Non-Take-Up of Social Assistance - On the relevance of stigma effects

Hümbelin, Oliver (30 August 2016). Non-Take-Up of Social Assistance - On the relevance of stigma effects. In: Economic inequalities, deprivation, and poverty: ISA RC28 Summer Meeting. Universität Bern. 29.-31. Aug. 2016.

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Most western societies provide social assistance for households that lack the resources to maintain a minimum living standard. However, redistributive effectiveness of such policies can be compromised if eligible recipients do not claim the benefits they are entitled to. If non-take-up rates are high, it is questionable whether anti-poverty schemes are designed adequately. This paper follows two main goals. First, although non-take-up rates may be assumed to be high also in Switzerland, previous estimates for Switzerland are problematic due to methodological shortcomings (most important missing information on wealth). This study provides results based on an alternative estimation approach using tax data from the canton of Bern. Second, I exploit regional variation in non-take-up rates to study potential stigma effects. As expected, non-take-up rates decrease when wealth is controlled for; the non-take up estimation drops from 51.7 percent (without wealth) to 23.6 percent (including wealth). There is substantial regional variance, that is used for further analyses by fitting a multilevel-model with municipalities as level-1 and social service regions as level-2 units. Non-take up indeed can be related to several variables that theoretically can be associated with different regional norms (rural vs urban areas and French speaking vs German speaking part). Social norms are proxied with voters share for parties that have “social assistance” explicitly on their political agenda. As theoretically expected, non-take-up rises with rising support for the restrictive Swiss People's Party (SVP) and falls with rising support for the social democratic Party (SP). These findings are in line with stigma theory, but should not be interpreted as a final test of the assumed relationship.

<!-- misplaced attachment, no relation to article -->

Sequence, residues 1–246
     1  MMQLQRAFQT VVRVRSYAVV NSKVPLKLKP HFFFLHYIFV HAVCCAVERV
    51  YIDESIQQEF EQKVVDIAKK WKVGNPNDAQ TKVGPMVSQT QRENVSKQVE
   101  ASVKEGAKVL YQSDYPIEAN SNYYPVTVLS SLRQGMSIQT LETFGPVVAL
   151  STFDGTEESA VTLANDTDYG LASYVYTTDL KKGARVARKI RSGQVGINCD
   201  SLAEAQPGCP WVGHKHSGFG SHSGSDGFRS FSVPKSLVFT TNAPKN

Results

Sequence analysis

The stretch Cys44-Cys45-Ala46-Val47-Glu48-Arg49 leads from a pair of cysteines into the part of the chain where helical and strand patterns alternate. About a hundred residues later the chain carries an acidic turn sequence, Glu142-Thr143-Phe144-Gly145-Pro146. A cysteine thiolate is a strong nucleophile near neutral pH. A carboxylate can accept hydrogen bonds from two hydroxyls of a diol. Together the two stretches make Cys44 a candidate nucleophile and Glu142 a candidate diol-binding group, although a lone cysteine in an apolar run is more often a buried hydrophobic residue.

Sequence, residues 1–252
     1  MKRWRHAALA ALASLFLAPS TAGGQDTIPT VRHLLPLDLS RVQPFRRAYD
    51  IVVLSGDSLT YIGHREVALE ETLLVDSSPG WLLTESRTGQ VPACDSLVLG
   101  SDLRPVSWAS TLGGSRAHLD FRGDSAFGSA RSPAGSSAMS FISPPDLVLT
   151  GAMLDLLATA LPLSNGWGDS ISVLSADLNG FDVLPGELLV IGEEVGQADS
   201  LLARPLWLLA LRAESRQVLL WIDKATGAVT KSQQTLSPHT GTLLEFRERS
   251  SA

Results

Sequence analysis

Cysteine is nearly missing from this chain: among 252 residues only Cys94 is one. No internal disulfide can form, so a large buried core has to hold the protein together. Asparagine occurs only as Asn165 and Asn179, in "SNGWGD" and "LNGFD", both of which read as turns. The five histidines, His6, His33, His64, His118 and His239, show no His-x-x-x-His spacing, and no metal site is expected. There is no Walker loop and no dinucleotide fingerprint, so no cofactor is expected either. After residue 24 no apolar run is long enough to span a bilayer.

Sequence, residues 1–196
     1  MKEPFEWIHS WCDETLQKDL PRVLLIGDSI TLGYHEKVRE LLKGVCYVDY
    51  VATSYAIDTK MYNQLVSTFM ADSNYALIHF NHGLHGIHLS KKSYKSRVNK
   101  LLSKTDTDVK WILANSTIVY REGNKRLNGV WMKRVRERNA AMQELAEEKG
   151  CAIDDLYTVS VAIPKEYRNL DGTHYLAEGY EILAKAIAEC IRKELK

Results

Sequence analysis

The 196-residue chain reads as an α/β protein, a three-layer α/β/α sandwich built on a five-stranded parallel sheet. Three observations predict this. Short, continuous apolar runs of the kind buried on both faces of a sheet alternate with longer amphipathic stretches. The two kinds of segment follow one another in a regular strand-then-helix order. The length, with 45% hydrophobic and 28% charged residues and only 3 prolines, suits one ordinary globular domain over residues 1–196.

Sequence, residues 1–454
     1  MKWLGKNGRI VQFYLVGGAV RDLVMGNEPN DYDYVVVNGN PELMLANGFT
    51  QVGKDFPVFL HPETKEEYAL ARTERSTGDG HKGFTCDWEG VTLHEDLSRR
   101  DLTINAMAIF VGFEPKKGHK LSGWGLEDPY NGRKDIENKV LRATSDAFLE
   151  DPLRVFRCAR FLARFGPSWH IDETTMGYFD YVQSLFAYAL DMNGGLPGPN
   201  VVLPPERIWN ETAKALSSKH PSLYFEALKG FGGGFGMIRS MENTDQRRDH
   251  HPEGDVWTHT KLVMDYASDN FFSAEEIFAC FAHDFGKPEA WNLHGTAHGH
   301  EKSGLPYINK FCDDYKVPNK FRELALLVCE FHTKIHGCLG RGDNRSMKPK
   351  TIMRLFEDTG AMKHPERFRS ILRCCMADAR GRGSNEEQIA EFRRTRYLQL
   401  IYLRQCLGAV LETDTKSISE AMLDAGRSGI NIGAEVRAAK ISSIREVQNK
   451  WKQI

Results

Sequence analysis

Item Type:

Conference or Workshop Item (Speech)

Division/Institute:

03 Faculty of Business, Economics and Social Sciences > Social Sciences > Institute of Sociology
03 Faculty of Business, Economics and Social Sciences > Social Sciences

UniBE Contributor:

Hümbelin, Oliver

Subjects:

300 Social sciences, sociology & anthropology
300 Social sciences, sociology & anthropology > 320 Political science
300 Social sciences, sociology & anthropology > 360 Social problems & social services

Language:

English

Submitter:

Oliver Hümbelin

Date Deposited:

28 Jun 2017 12:43

Last Modified:

28 Jun 2017 20:19

BORIS DOI:

10.7892/boris.94876

URI:

https://boris.unibe.ch/id/eprint/94876

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